You are using an older browser version. Please use a supported version for the best MSN experience.

China and Europe teaming up to build a village on the MOON - and it could be a tourist destination

Mirror logo Mirror 30-04-2017 Stephen White

China wants to team up with Europe on a project that could see tourists walking on the surface of the moon.

The European Space Agency hopes to have robots on the in the 2020s to begin building a village.

And the Chinese are in talks to bring their expertise to the plan.

Tian Yulong, secretary-general of the China National Administration, confirmed his country is “discussing cooperation” with the ESA on building an international village there.

China is aiming to become a major space power and already boasts an advanced and open aerospace industry and space infrastructure.

Professor Jiao Weixin, of the School of Earth and Space Sciences in Peking University, believes the village will eventually turn into a city and could one day become an affordable tourist destination.

Credits: Getty © Provided by Trinity Mirror Shared Services Limited Credits: Getty


He said China’s participation in the project would demonstrate its willingness to create common benefits for the whole world.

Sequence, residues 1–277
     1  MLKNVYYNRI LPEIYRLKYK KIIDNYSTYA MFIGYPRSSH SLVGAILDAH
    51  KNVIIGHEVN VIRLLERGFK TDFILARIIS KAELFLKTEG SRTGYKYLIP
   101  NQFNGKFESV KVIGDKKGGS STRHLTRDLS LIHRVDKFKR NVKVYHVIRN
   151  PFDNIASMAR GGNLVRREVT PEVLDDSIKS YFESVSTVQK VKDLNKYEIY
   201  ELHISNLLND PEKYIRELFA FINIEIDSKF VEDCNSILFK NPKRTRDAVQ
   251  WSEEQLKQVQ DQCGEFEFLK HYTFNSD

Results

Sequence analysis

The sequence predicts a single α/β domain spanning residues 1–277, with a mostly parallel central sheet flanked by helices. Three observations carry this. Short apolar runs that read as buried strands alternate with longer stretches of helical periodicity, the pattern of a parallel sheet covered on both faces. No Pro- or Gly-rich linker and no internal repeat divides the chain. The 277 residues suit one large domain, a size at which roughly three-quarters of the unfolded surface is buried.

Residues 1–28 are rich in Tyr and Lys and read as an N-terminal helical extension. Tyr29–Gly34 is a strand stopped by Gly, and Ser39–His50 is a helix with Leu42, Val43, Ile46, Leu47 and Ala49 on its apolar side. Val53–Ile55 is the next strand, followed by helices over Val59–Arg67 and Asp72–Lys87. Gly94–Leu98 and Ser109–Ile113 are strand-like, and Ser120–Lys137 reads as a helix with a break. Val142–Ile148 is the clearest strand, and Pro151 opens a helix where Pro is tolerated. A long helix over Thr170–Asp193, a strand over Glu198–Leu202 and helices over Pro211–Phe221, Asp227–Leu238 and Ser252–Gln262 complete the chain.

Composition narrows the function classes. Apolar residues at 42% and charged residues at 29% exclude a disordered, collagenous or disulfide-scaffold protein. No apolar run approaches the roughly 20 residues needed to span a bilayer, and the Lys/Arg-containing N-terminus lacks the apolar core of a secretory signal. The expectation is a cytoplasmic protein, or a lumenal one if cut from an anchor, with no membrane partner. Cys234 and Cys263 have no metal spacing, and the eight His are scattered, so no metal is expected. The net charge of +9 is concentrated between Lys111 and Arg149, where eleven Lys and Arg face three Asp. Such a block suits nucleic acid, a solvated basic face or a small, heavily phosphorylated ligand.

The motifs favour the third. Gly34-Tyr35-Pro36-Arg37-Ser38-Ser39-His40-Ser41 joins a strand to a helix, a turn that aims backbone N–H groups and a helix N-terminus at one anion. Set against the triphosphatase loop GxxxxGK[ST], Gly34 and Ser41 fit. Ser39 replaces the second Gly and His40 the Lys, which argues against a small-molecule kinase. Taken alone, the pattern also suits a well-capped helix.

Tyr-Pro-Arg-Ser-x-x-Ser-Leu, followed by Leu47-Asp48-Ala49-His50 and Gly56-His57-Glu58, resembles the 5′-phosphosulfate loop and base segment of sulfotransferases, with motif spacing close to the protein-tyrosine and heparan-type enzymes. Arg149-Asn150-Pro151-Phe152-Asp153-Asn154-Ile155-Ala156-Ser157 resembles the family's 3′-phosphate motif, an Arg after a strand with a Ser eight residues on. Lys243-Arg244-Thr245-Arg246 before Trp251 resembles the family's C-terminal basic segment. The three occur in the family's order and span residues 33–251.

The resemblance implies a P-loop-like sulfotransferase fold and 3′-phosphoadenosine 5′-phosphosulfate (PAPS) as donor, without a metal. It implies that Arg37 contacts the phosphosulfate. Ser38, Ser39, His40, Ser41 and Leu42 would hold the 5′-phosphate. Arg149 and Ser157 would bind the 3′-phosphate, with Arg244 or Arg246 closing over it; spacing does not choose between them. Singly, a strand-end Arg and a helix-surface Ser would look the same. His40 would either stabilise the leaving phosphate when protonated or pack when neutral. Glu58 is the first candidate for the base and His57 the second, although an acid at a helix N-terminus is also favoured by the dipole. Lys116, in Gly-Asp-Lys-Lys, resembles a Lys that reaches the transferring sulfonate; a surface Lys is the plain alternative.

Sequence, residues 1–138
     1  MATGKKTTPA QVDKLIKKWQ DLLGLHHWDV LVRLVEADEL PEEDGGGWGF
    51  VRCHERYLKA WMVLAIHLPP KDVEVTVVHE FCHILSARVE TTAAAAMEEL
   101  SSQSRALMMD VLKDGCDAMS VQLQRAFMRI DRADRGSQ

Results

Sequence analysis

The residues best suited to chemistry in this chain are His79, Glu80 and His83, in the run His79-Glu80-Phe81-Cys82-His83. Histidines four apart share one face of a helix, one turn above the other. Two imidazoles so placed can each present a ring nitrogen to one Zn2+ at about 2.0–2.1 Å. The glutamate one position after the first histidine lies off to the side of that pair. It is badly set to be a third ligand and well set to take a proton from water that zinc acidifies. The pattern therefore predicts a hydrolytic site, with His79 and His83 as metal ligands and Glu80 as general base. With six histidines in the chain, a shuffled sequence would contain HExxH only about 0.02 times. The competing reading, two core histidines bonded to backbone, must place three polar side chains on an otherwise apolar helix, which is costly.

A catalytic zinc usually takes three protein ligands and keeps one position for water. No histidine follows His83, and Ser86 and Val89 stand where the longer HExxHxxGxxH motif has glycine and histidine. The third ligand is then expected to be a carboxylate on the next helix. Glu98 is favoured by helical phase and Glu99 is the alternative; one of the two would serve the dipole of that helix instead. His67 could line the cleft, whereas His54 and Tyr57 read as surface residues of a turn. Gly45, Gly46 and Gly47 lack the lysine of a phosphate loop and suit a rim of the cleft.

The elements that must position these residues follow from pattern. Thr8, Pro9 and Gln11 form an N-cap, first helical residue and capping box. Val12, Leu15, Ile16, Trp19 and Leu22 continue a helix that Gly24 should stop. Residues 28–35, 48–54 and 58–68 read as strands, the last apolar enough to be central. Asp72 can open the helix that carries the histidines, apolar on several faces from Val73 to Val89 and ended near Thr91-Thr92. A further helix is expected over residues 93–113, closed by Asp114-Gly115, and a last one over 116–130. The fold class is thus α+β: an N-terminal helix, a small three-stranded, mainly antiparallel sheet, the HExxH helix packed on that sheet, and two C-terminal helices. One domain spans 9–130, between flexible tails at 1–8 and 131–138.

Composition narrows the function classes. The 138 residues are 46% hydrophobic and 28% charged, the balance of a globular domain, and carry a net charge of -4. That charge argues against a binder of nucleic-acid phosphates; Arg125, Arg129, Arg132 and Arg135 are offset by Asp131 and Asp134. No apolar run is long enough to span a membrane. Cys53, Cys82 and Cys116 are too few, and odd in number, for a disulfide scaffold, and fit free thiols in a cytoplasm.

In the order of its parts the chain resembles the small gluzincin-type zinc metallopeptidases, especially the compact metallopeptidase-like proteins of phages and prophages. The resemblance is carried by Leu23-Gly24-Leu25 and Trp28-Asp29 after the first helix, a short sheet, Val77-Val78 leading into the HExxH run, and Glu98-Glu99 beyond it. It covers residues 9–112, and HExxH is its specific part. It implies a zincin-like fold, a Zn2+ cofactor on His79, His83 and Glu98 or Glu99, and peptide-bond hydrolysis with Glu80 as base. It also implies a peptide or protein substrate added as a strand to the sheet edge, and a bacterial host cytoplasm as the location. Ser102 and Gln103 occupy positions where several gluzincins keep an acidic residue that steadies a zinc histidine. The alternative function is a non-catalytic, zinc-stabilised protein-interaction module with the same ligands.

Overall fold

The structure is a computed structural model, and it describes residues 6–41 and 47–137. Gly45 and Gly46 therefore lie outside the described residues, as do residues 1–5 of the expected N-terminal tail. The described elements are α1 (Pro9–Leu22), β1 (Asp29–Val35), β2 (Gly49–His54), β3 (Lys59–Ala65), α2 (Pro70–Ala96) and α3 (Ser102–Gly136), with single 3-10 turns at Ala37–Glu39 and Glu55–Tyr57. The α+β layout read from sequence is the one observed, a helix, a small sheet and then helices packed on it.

China’s Chang’e-5 lunar probe will complete its mission to collect rock samples by the end of the year. The country will land the first probe on the dark side of the moon in 2018.

Key projects planned by around 2020 include manned space programmes, lunar probes, a navigation satellite system and a high resolution observation satellite programme.

has 22 member states, including the UK. Its headquarters are in Paris and it has a worldwide staff of about 2,000 and a £4. 5billion annual budget.

Humans last went to the moon in 1972 on the USA’s Apollo 17 mission.

Also watch: Could one of Saturn's Moons contain life (Provided by Wochit)

Replay Video

More from MSN

In pics: Spectacular photos from space
HALE CRATER, MARS - UNSPECIFIED DATE: In this handout provided by NASA's Mars Reconnaissance Orbiter, dark, narrow streaks on the slopes of Hale Crater are inferred to be formed by seasonal flow of water on surface of present-day Mars. These dark features on the slopes are called 'recurring slope lineae' or RSL. Scientists reported on September 28, 2015 using observations with the Compact Reconnaissance Imaging Spectrometer on the same orbiter detected hydrated salts on these slopes at Hale Crater, corroborating the hypothesis that the streaks are formed by briny liquid water. (Photo by NASA/JPL-Caltech/Univ. of Arizona via Getty Images) Spectacular photos from space

More from The Mirror

image beaconimage beaconimage beacon